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Airbus A320 crash in Southern France

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posted on Mar, 24 2015 @ 07:09 PM
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The Daily Mail has drawn attention to the fact that on 5th November 2014 a Lufthansa sister plane flying at 31,000 feet near Pamplona, Spain, went into a dive without any input from the flight crew. On that occasion, the pilots were able to regain control when the plane was at 28,000 feet. The EASA determined that the dive was caused by blockage of the Angle of Attack sensors which, in a worst case scenario, would cause complete loss if control such that backward stick would have no effect. It seems to me that this may be a likely explanation for today's crash reply to: ragsntatters




posted on Mar, 24 2015 @ 07:18 PM
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originally posted by: charlyv
a reply to: Zaphod58

Sad. Also some reports from a camper near the crash site that said they heard loud banging noises coming from the aircraft, before it went down. Wonder what that could have been?


Loud banging noises on that engine are very probably sounds of compressor stalls. Not an aerodynamic stall which has no sound but rather something in the nature of a backfire caused by a failure of smooth laminar flow through the 9 stage compressor section. There are a number of possible causes of compressor stall, including extreme alpha, FOD damage, or failure of the variable inlet guide vanes, bleed valves, or variable stator vanes.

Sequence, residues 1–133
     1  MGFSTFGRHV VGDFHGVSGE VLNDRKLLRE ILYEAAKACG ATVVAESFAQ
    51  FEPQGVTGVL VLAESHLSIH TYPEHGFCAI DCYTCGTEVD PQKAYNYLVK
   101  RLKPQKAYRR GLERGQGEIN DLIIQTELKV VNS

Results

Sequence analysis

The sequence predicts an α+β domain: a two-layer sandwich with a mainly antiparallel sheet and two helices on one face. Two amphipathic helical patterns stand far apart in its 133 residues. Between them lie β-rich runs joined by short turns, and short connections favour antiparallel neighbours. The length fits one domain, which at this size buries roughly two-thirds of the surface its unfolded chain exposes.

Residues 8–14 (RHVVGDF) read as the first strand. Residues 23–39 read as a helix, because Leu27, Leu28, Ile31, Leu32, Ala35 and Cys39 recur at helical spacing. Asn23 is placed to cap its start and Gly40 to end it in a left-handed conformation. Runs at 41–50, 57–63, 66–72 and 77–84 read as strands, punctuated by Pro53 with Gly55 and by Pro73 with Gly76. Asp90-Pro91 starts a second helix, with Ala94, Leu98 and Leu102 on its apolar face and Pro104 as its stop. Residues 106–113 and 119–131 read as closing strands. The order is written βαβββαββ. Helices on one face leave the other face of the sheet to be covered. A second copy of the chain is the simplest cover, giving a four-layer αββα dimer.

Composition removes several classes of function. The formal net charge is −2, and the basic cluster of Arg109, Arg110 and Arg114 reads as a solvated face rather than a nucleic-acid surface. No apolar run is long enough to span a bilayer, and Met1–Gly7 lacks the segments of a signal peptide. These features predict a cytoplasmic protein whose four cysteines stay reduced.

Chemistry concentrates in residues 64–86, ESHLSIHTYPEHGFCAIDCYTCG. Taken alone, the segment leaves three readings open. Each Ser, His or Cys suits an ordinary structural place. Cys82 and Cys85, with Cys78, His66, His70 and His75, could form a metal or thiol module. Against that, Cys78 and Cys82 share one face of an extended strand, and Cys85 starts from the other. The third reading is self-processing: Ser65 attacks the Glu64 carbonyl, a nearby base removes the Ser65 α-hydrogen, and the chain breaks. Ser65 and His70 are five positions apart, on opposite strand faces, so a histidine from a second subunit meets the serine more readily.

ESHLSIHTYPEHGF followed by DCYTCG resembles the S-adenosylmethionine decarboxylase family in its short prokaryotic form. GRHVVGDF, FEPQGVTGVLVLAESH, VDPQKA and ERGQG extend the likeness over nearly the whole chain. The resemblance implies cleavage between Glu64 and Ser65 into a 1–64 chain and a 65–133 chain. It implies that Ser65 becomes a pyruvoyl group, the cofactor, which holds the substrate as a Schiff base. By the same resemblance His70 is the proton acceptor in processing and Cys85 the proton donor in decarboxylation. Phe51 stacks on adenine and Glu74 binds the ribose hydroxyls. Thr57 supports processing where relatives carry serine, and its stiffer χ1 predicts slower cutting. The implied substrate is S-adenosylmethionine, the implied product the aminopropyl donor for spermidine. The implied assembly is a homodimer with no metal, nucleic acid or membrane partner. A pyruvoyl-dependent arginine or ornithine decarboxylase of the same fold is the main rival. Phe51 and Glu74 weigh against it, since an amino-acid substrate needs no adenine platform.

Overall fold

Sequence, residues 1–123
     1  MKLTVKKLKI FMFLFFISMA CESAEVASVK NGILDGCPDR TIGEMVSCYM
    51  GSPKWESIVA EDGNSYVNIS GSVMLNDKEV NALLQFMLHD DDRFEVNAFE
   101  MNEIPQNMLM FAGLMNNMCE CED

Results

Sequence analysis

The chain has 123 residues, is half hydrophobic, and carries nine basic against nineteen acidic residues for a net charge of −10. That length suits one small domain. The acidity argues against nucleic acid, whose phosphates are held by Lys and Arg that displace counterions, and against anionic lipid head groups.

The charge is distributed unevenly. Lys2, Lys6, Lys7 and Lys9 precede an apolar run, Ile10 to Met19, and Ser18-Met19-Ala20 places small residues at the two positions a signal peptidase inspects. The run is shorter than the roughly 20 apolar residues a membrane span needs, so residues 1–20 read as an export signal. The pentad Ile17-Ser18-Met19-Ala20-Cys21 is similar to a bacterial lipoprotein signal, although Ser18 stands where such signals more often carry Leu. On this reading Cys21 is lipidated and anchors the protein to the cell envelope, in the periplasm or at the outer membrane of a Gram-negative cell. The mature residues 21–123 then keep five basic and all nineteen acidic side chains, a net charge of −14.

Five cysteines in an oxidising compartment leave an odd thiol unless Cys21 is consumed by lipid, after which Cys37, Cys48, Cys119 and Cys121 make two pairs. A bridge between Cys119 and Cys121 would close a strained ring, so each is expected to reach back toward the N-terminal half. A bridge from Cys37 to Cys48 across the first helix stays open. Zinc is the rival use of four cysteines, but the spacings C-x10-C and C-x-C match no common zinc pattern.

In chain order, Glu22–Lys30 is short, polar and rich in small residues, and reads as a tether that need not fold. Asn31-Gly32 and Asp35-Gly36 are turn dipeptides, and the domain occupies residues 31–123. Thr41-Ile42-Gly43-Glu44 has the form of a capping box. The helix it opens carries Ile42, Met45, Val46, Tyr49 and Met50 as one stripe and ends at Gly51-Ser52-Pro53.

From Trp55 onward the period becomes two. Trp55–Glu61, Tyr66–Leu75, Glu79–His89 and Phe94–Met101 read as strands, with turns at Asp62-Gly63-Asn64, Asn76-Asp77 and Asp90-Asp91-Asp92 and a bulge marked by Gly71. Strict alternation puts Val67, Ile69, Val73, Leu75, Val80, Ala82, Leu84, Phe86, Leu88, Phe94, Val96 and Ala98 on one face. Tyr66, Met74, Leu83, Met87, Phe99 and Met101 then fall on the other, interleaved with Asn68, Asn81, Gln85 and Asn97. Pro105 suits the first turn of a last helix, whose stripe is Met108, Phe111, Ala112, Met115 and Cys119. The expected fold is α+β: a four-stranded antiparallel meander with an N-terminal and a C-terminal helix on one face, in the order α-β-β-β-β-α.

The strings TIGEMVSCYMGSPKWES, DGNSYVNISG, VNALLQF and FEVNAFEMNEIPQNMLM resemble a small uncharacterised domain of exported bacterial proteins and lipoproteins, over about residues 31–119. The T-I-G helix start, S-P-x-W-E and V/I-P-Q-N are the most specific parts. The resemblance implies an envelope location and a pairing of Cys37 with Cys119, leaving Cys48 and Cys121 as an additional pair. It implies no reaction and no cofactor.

posted on Mar, 24 2015 @ 07:37 PM
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originally posted by: charlyv
a reply to: Char-Lee

Yea, that is what I was eluding too. If they have comm, they are required to do it. I guess you have to be there. No telling what happened in that cockpit as of yet.


What makes you think there is any requirement to communicate? The sequence that every pilot is taught in the event of an emergency is: 1)AVIATE (fly the damn airplane); 2) NAVIGATE (find the best place to go and head there); and, lastly, COMMUNICATE (Mama ain't going to teleport up and save your butt so why divert resources to talking when you should be doing.



posted on Mar, 24 2015 @ 07:39 PM
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Several Germanwings flights cancelled after crew refused to fly
Pilots and cabin crew refused to fly over concerns the Germanwings flight 4U 9525 crash may have been linked to a repair to the nose-wheel landing doors

www.telegraph.co.uk...

sorry if posted



posted on Mar, 24 2015 @ 07:43 PM
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a reply to: ciscoagent

It is of course possible that something like that might have occurred, but it should not lead to a crash, pilots would simply take control of the aircraft and fly manually as was the case in the flight which is mentioned in the article.

Considering it was a very experienced pilot, it is highly unlikely that this is the cause.



posted on Mar, 24 2015 @ 07:43 PM
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a reply to: F4guy
A faulty front landing gear bay door was fixed on Monday , it was out of service for 6h
other then that it should have been in flying condition
edit on 24-3-2015 by zerbot565 because: reply



posted on Mar, 24 2015 @ 08:24 PM
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a reply to: Zaphod58

On the Northwest Airlines emergency checklists, they would have "FLY THE AIRCRAFT" and "DO NOT HURRY" printed in giant letters on the top of every sheet of every emergency checklist.

That should signify the importance of flying the airplane first and then worrying about everything else later for anyone who might not understand the process of dealing with emergencies in the air.


edit on 24-3-2015 by justwanttofly because: (no reason given)



posted on Mar, 24 2015 @ 09:47 PM
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here ya go commerical pilots dicussing it here ..


flightaware.com...



posted on Mar, 24 2015 @ 10:38 PM